Public art projects like the pianos currently scattered all over Boston have the ability to reach thousands of people in an era when arts are often cut from the budget.
The crowd looks on expectantly as a young woman in a sheer black blouse steps up to the piano. “It’s a little out of tune,” Filiz Cagla, a classically trained musician from Bursa, Turkey, tells her audience halfway through her rendition of “Take Five.”
But no one seems to have noticed. After all, there are honking cars, chatting pedestrians, and children screeching for their parents’ attention on this small concrete island in the heart of Harvard Square in Cambridge, Mass. The brown piano Ms. Cagla has taken over is painted with white stripes, polka dots, and ducks. It’s part of the public art project “Play Me, I’m Yours”; some 75 decorated pianos have been installed across Boston and its environs this fall.
Artist Luke Jerram came up with the project in 2008 in Birmingham, England, and since then has brought more than 1,000 pianos to 37 locations worldwide.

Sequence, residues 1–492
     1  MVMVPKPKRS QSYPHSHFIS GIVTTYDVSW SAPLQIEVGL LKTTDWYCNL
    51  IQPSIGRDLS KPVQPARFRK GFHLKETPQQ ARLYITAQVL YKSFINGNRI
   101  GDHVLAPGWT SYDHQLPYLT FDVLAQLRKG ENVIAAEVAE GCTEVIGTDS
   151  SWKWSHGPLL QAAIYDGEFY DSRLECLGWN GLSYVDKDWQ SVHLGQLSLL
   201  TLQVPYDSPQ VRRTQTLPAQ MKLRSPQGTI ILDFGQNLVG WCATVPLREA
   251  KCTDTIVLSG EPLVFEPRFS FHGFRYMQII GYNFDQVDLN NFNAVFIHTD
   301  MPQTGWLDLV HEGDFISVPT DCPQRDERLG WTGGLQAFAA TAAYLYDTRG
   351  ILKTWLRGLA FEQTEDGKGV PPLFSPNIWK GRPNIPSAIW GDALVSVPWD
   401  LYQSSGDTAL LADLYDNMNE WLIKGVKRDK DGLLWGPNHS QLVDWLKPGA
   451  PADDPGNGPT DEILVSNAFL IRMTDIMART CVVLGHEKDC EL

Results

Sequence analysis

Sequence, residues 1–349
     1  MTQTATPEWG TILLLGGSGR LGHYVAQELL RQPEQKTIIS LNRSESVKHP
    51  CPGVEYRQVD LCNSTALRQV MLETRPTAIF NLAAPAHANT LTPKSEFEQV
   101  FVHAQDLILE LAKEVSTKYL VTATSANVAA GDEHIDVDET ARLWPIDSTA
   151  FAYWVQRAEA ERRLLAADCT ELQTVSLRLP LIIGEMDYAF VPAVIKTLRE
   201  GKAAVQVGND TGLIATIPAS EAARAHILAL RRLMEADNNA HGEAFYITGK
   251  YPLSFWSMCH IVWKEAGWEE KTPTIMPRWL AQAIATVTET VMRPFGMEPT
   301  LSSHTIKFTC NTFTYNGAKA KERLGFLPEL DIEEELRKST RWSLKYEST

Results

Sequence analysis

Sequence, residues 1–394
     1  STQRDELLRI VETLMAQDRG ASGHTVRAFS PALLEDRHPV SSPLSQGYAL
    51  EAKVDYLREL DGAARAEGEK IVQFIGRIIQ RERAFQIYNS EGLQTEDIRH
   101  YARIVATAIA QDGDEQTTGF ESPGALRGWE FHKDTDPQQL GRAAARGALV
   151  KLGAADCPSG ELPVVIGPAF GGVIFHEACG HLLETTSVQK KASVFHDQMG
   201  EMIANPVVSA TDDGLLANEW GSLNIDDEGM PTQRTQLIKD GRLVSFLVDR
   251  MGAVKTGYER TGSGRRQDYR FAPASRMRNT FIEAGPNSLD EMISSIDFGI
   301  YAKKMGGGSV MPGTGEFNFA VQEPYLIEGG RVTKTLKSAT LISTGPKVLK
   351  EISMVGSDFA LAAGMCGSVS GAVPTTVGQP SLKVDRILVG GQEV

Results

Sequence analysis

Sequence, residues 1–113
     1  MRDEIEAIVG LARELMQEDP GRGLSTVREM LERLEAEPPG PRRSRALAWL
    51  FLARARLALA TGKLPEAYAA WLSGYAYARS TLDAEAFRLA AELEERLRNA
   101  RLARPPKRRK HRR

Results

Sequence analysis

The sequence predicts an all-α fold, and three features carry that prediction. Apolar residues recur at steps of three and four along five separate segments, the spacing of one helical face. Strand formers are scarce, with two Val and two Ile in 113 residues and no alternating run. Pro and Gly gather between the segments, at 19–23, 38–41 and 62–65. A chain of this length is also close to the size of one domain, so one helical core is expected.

“[It] provides a blank canvas for the public ... to share their creativity with each other,” Mr. Jerram says, calling the installation the “democratization of art.” “[Art] doesn’t need to be in a gallery or opera house,” he says by phone from London.
“Play Me, I’m Yours” is sponsored by the Celebrity Series of Boston, but coincided with the city’s first celebration of ArtWeek, launched by the Citi Performing Arts Center.
“Public art is coming into a new realm,” says Sue Dahling Sullivan, chief strategic officer for the center. “People want to see creativity and art everywhere they go.” ArtWeek Boston is loosely based on the model of restaurant week, and aims to make art accessible to all. Nearly three dozen art projects and performances filled public and private spaces across the city.
From the now-familiar painted cows and decorated hearts that have spread through cities across the globe, Jerram says public art is becoming “part of the visual cavalry of contemporary art.” With arts budgets often the first to get slashed when money is tight, it’s an easy way to reach thousands of people. “It demands attention,” he says.
Austin Klipp and Ben Johnson, belting out “Brown Eyed Girl” at a piano in the Harvard Yard agree. “It gives the city a magical feel,” says Mr. Johnson, who brought along his guitar to accompany Mr. Klipp on the piano.
Klipp has played every day since the 2-1/2 week project began. He takes requests from passersby and enjoys hearing others play, too: Little kids bang out “Chopsticks” and unassuming older men play classics with breathtaking skill. “There’s a spontaneous feel to it,” Klipp says. “It’s part of the spirit, and it brings people together.”